C Stevens Roofing

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Slate Roofing...

Slate Roof

Beautiful & Tough

Roof slates are derived from fine-grained sand-free clay sediments. Roof slate has characteristic cleavage planes which were produced when the clay was metamorphosed. Roof slate can be split into thin section (typically 4-10 mm for roofing slates) giving a natural riven finish. Roof slate may also be sawn, sanded, fine rubbed, honed, polished, flame textured or bush hammered.

Roof slate is available in a wide range of colours, including blue/grey, silver grey and green roof slate from the Lake District; blue, green grey and plum red roof slate from North Wales; and grey roof slate from Cornwall. Roof slate is imported from Ireland (grey/green), Canada (blue/grey), France (blue/grey) and Spain (blue/black). Spain is the world's largest producer of roofing slates.

Roof slate is strong and resistant to acid and frost. It lasts up to 400 years as a roofing material. The minimum recommended pitch for a natural slate roof is 20 degrees under sheltered or moderate exposure and 22.5 degrees under severe weather exposure. Fixing nails should be of copper or aluminium.

 

Brief History of Welsh Slate...

History of Slate

The use of slate in the area goes back to the Roman period. The fort at Segontium, (Caernarfon), originally had tiled roofs, which were replaced at a later date with slate. Some of the floors were made of slate slabs in the fourth century. But slate was also used in a much earlier Roman fort at Caer Llugwy, between Capel Curig and the Conwy Valley two centuries before. Slate was used for roofing the eight towers of Conwy Castle between 1283-87. Indeed, during the Welsh wars of Independence, Edward I, of England, while visiting the copper mines of Drws y Coed, is reputed to have stayed at a house in the Nantlle Valley roofed with slates from the Cilgwyn Quarry. In 1317, the great hall of Llywelyn II, (Llywelyn the Last), was removed from Conwy to Caernarfon Castle and slated by one 'Henry le Scaltiere.'

Around 1358-60, building repairs were carried out at Chester, under the supervision of the Black Prince, when '21,000 slate stones' were bought for the roof of the great stable at Chester Castle. And when Richard II, of England arrived at Conwy in 1399, a year before the Rebellion of Owain Glyndwr.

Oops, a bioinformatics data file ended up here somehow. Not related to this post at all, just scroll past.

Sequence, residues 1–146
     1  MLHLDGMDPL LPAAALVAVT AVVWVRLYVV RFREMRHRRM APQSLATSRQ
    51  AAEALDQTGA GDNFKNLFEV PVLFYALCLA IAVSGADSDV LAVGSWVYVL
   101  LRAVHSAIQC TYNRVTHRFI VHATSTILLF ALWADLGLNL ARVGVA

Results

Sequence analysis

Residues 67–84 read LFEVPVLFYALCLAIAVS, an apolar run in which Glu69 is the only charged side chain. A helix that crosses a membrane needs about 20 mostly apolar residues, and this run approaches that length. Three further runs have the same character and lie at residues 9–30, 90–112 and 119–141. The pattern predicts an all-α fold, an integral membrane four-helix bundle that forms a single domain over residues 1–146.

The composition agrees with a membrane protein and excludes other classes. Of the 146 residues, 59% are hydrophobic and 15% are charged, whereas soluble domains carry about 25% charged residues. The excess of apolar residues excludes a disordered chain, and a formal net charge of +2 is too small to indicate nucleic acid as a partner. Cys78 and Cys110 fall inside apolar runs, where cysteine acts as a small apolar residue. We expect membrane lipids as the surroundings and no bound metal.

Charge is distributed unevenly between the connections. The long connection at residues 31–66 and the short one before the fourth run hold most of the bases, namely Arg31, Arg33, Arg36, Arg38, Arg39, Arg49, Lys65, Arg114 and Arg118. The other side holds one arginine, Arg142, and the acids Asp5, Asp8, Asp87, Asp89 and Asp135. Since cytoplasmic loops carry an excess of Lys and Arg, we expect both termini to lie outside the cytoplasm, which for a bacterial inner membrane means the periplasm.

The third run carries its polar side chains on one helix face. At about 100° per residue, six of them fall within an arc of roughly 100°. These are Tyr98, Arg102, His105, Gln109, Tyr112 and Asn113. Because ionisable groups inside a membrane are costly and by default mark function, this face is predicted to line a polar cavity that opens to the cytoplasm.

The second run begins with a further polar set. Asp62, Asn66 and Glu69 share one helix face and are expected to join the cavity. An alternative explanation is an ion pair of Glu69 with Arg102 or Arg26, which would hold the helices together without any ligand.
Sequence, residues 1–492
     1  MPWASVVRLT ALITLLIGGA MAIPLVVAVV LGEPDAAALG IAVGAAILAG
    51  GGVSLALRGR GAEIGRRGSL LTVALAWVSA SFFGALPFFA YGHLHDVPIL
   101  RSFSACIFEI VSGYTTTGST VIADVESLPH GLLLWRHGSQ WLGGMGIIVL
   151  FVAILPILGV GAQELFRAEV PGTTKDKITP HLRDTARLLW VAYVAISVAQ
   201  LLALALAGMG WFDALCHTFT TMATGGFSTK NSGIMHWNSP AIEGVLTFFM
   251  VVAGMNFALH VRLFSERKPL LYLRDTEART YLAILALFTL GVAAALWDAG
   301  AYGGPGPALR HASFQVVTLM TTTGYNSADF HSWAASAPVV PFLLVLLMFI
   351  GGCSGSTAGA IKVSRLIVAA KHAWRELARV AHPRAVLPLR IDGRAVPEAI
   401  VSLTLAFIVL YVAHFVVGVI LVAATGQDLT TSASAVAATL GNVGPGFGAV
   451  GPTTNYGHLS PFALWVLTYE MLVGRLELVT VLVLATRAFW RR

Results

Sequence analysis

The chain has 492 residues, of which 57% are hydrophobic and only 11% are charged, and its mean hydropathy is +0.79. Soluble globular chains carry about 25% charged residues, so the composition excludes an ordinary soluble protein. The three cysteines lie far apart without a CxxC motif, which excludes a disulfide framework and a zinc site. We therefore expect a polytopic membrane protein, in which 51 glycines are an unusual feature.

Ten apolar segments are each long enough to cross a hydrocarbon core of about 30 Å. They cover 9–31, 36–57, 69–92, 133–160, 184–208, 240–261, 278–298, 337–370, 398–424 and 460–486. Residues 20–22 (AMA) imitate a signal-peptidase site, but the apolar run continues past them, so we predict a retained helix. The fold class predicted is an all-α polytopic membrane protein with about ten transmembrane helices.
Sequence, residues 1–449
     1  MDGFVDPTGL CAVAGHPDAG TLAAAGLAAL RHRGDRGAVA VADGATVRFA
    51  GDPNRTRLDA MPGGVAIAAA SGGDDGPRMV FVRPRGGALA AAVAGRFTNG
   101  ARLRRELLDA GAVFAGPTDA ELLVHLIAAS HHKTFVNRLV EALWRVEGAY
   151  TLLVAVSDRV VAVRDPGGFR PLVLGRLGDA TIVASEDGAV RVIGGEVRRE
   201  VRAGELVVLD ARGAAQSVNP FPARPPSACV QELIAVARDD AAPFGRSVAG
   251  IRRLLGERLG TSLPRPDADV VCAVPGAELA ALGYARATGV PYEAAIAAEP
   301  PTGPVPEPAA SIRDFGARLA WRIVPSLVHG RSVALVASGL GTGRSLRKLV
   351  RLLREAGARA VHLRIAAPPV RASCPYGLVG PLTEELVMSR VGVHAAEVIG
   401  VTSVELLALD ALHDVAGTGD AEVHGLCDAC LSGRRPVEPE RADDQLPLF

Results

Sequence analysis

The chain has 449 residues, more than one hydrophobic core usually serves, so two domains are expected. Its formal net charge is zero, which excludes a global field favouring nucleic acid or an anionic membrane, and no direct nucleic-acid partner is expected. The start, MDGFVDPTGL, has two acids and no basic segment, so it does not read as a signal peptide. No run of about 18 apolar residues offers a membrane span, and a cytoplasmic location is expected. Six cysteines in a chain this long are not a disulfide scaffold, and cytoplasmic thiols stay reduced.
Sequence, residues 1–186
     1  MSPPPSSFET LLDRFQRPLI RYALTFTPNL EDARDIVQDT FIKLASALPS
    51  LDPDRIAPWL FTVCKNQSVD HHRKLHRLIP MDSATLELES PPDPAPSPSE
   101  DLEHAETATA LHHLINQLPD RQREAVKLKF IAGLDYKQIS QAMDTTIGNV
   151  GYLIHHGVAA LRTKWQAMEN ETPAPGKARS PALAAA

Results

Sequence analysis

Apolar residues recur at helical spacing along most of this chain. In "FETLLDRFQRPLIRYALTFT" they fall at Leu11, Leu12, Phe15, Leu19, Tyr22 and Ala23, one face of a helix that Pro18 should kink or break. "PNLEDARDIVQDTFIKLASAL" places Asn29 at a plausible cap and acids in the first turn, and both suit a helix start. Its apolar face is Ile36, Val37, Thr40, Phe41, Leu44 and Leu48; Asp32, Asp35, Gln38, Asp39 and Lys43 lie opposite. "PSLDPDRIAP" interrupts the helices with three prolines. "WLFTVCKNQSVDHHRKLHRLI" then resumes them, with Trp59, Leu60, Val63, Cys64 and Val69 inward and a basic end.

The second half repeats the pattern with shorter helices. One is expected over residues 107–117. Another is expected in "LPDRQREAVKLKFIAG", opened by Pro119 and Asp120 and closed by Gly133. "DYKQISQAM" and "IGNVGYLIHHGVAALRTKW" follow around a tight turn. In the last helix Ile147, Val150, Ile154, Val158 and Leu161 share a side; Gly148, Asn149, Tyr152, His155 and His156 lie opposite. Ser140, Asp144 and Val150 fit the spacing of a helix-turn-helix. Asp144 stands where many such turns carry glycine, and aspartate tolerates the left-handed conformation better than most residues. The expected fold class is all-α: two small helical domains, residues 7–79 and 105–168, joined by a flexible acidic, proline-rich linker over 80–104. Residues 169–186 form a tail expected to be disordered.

History of Slate

John Leland during his travels between 1536-39 remarked that 'the houses within the town of Oswestre be of tymbre and slated' and at Is Dulas, on the eastern side of the River Dulas in Denbighshire, 'they dig oute slate stones to kyver houses.' Slates were also used on houses in Wrexham during the reign of Elizabeth I. During the episcopacy of William Morgan, (translator of the Bible into Welsh) at St. Asaph, (1601-04) the cathedral chancel was slated. In 1682, more slating with Penrhyn slates took place and during renovation in the 1930's, these slates, which were by then over 250 years old were strong enough to be re used on new timbers.

Another secular building, with ecclesiastical links was Plas y Gogarth, near Llandudno. This was owned by the Bishop of Bangor, and which was roofed in the thirteenth century. All in all, the picture we have is of slates being used on the better kind of house in North Wales at this time, a time which saw a great deal of building activity. Slates from the Glyn Ceiriog area were available in 1675.

History of Slate

However, it must be kept in mind that apart from castles and cathedrals, it was not uncommon in Wales to use slates for roofing at this time. Any transportation involved the use of ships. Indeed, the chief export of the area by Tudor times was slate, as up to 1603, there are references of slate being exported from Aberogwen(Bangor), to Dublin and Carlingford in Ireland as well as the Foryd (Rhyl), St. Asaph and Chester. Slates from Pembrokeshire were exported to the south east coast of Ireland as well as Bristol.

It is also interesting to note that slates from Antwerp were imported into London in 1567 to re-roof the Royal Exchange at London. More recently, Welsh slate was used to roof the Palace of Westminster in the nineteenth century, for the electricity panels of the Cunard liners, Queen Mary and the Queen Elizabeth in the 1930's, as a damp course for the new cathedral at Guildford in 1960 as well as re-roofing the whole of Downing Street in 1962-63.